Welcome to Hyperion Records, an independent British classical label devoted to presenting high-quality recordings of music of all styles and from all periods from the twelfth century to the twenty-first.

Hyperion offers both CDs, and downloads in a number of formats. The site is also available in several languages.

Please use the dropdown buttons to set your preferred options, or use the checkbox to accept the defaults.

Click cover art to view larger version
Track(s) taken from CDA67027

Piano Sonata in A minor, D784


Stephen Hough (piano)
Recording details: October 1997
St George's, Brandon Hill, United Kingdom
Produced by Andrew Keener
Engineered by Mike Hatch
Release date: March 1999
Total duration: 21 minutes 23 seconds


'His moving performance of the B flat Sonata, marked throughout by refined, discerning pianism and an uncommonly subtle ear for texture … Hough seeks out the music’s inwardness and fragility, its ethereal, self … communing remoteness … [D784] magnificently done … the lyrical music is limpidly coloured and poignantly inflected… Hough’s individual and searching reading of the two great sonatas … take their place alongside the most recommendable in the catalogue' (Gramophone)

'The recording is of exemplary clarity, warmth and truthfulness' (Gramophone)

'(A Minor D.784) especially sensitive in its uncertain switching between laughter and tears, a typically Schubertian trait reflected in Hough’s outstandingly delicate touch and his natural phrasing … These are profoundly musical and deeply thought-out performances' (The Sunday Telegraph)

'[D784] the pulsing triples … haunt the memory, as does the floating treatment of the lyrical subject in the finale' (BBC Music Magazine)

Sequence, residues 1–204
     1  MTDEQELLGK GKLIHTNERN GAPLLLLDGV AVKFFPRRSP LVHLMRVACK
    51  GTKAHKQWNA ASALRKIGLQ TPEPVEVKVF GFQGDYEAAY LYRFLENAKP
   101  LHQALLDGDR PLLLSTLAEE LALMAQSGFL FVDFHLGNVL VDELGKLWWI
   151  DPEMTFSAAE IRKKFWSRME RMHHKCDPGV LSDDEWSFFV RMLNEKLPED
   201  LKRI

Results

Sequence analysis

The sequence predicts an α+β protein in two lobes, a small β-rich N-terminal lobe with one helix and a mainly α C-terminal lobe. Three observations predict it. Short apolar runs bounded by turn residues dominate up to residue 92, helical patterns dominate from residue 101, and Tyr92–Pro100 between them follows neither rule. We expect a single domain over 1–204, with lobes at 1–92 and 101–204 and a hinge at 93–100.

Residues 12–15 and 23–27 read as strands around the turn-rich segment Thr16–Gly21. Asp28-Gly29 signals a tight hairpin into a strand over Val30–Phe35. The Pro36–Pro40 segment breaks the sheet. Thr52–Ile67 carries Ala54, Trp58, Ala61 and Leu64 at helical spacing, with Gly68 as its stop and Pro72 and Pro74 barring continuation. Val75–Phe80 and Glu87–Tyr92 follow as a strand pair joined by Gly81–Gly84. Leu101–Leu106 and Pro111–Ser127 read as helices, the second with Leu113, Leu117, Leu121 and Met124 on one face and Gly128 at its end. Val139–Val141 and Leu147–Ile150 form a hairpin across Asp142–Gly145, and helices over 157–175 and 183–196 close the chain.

'It is obvious that Hough identifies deeply with this music … he is temperamentally attuned to its urgent lyricism and, sometimes, heartrendering pathos … lush tone, subtle pedalling, and a firm grasp of structure’ (American Record Guide)

'Any pianist who records Schubert must be sure of his ground. Stephen Hough here proves himself a worthy rival' (The Sunday Times)

'always thoughtful, in places transcendent' (Classic CD)

'This is, quite simply, some of the most beautiful Schubert I have heard in years, or (why not come out and say it?) ever. Irresistible. That is, indeed, the word for everything about this superb release … a musician capable of the greatest things … a performance that ranks with the most celebrated classic and modern versions in or out of the catalogs' (Fanfare, USA)

'[Hough] combines the imagination and pianistic colour of the past with the scholarship of the present, illuminating the very essence of the music he plays … a performance of extraordinary depth and beauty' (Pretoria News)

'Hough keeps listeners’ attention through the musical equivalent of whispering … a tribute to his elegant legato touch and phrasing as natural and unforced as breathing … Hough’s supernal playing and matchless poise make this album an unmitigated success' (CD Now)

'Stephen Hough has made his name in the post-Romantic repertoire, exploring rarely-known works of interest …. Here in a more familiar repertoire he works wonders through an approach which is particularly sensitive and intelligent. His accompanying notes are particularly valuable…. ' (Répertoire, France)

'Poetic, imaginative, deeply felt and keenly thought … a deeply loving treatment of the piano in performances of exceptional refinement' (Piano, Germany)
The Sonata in A minor, D784 (1823), and the Sonata in B flat major, D960 (1828), are the first and last of Schubert’s mature works in this form, and the former was almost certainly written at the time that Schubert first learned of the seriousness of his illness. The chilling desolation of its first movement’s first subject seems to be a direct response to that tragic news, the ‘strong-weak’ appoggiatura in bar 2 sighing wearily or angrily throughout the entire movement in both melody and accompaniment. However, as in so much of Schubert’s work, it is the moments of major tonality which seem the saddest. Perhaps only Mozart equals Schubert in this ability to transform the sunshine of a major key into a mood of heartbreak and pain.